Your hairline is a frame for your face. When the hair loss starts to occur, particularly patterned hair loss the frontal hairline begins to recede and widens the forehead. Most people find it alarming when their hair starts thinning at the temples because they realise they are suffering from acute hair loss and there is no way to hide it even with styling. When it comes to this, it requires a medical solution.
What Is Temple Hair Loss?
Temple hair loss is one of the earliest signs of androgenetic alopecia or male pattern baldness. Hair begins to thin across the scalp, and then the temple region appears to be balding. It may affect one or both sides. A receding hairline or a widow’s peak usually accompany temple hair loss. This condition affects men more than women and its severity increases with age. It can become irreversible if you do not seek timely treatment.
What Are The Causes Of Hair Loss At The Temples?
If you are beginning to bald around your temples, it is most likely due to male-pattern baldness. Apart from this condition, a few other factors may be responsible for it.
- Male Pattern Baldness (MPB) – Androgenetic Alopecia is a medical term for MPB, a genetic hair loss condition that affects men. It occurs as a result of the increased sensitivity of hair follicles to the Dihydrotestosterone (DHT) hormone. Studies show that 58% of men in the age group of 30-50 years suffer from male pattern baldness; it affects their temple areas first.
- Other Causes – Some other causes of temple hair loss include the following:
- Alopecia Areata: Alopecia areata is a condition characterised by sudden and patchy hair loss all over the scalp. People suffering from alopecia areata may have thinning and patchy hair loss in temples.
- Scarring Alopecia: The medical term for this condition is primary cicatricial alopecia. It refers to a group of hair loss disorders that cause irreversible destruction of the hair follicles and a replacement by fibrous tissue.
- Stress: When our body goes through undue stress, it leads to the interruption of hair in the growth phase (telogen), leading to telogen effluvium. The hair strands in the growth phase move more quickly to the resting phase, and the hair follicles shed more rapidly than usual, leading to hair thinning around the temples.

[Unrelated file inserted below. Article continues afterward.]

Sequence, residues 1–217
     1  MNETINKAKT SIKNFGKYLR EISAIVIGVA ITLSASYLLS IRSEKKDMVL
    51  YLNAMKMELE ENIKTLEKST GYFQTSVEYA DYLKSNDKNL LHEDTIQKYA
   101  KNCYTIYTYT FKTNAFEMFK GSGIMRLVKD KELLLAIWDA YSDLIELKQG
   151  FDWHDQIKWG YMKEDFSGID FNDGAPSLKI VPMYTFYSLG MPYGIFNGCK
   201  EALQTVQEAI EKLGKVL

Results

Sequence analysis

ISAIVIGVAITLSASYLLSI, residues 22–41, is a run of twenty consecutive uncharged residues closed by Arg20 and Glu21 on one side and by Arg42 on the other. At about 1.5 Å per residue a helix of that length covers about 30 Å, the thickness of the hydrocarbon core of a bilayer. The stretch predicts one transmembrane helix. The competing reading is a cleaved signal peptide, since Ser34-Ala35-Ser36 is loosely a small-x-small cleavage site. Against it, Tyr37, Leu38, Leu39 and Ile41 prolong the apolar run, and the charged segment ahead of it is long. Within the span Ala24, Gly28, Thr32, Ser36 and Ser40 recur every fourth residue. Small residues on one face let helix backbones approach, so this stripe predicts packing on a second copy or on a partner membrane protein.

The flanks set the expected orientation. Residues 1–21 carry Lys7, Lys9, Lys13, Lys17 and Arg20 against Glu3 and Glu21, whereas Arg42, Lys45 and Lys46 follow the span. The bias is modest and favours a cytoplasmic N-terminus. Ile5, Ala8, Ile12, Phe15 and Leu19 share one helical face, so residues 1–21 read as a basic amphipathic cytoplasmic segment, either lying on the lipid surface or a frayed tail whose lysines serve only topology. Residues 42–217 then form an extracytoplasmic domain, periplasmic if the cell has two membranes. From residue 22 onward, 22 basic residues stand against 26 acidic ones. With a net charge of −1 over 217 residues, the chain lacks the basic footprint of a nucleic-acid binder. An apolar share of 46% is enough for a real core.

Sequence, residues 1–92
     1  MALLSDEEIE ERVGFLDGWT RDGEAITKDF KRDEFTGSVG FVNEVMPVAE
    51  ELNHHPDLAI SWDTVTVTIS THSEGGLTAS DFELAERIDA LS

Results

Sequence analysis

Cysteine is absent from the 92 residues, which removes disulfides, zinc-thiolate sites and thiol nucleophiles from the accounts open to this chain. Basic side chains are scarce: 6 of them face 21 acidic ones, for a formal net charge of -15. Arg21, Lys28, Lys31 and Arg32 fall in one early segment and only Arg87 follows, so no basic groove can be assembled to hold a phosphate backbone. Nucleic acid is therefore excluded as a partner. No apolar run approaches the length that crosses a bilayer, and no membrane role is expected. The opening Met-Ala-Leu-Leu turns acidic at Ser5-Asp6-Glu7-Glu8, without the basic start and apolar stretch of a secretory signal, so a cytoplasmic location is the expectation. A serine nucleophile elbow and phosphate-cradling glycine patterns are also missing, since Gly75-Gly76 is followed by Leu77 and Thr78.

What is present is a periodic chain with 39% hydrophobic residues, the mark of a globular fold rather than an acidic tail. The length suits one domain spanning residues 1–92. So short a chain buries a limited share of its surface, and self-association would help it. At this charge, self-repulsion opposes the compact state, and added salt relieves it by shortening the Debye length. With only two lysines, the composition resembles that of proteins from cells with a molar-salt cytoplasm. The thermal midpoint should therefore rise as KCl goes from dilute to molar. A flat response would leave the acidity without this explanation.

Stress-related temple hair loss commonly occurs in women because of:
- Postpartum Hair Loss: Postpartum, women experience diffuse hair loss, which can be more in the temples.
- Traction Alopecia: When women style their hair into tight ponytails and buns, they put undue physical stress on the hair follicles, straining the hair at the temples and leading to thinning.
#PRP is a safe non-surgical treatment that would be effective for controlling hair loss at the temples. Watch this video to learn more#
Symptoms Of Temple Hair Loss:
Here are some of the signs associated with the condition:
- Hair thinning
- Receding hairline at the temples
- Scalp showing through in the temple area
- Hair damage, brittleness and weakness of hair strands
- Development of a widow’s peak
Can You Treat Hair Loss At The Temples?
Yes, balding temples are treatable, but it is advisable to consult a doctor sooner rather than later. During the early stages, there is a chance that the hair follicles are still active. Once the hair follicle opening is fibrosed, non-invasive treatment cannot reverse it.
Your trichologist may suggest a treatment for your temple hair loss after evaluating its underlying cause and the severity of the condition. The doctor may recommend the use of a combination of medications, topical gels, and foams. Once your dermatologist identifies the cause and pattern of your hair loss, he or she may even recommend Platelet-Rich Plasma Therapy, a procedure that effectively treats androgenetic alopecia.
What Are The Treatments For Hair Loss At Temples?
You must seek early medical help to treat thinning hair at the temples as home remedies may not work. Early diagnosis and intervention help in attaining better treatment results. Your trichologist may recommend the following options –
- Platelet-Rich Plasma (PRP) Treatment: PRP is a safe non-surgical treatment that would be effective for controlling hair loss at the temples. It uses platelets extracted from the patient’s blood to stimulate new hair growth. This therapy works well to delay balding in both men and women substantially.
- Minoxidil: Popularly called Rogaine, Minoxidil is an FDA-approved drug for hair growth. It is available as a topical foam or solution that helps treat temple hair loss. Dermatologists often prescribe it to both men and women to sustain the results of PRP therapy.
- Finasteride: This is also an FDA approved topical treatment for different types of hair loss. However, doctors prescribe finasteride for men and women in their menopausal age group to treat genetic hair loss.
- Temple hair transplant: This treatment option is avoidable in the early stages, as there are chances for male pattern baldness to develop during the later years. Instead, this surgery is a last resort when nothing else works.
Will Thinning Hair On Temples Grow Back If I Shave My Head?
Shaving the head does not affect the hair follicles. It merely cuts the hair at the scalp’s surface. Hair at the temples will grow back the same way. If you notice a drastic decrease in hair growth and you observe bald patches, consult a dermatologist immediately.
Temple Hair Loss is reversible. It is merely an indicator of an underlying condition. See a dermatologist at the earliest to identify a suitable treatment option and attain best results.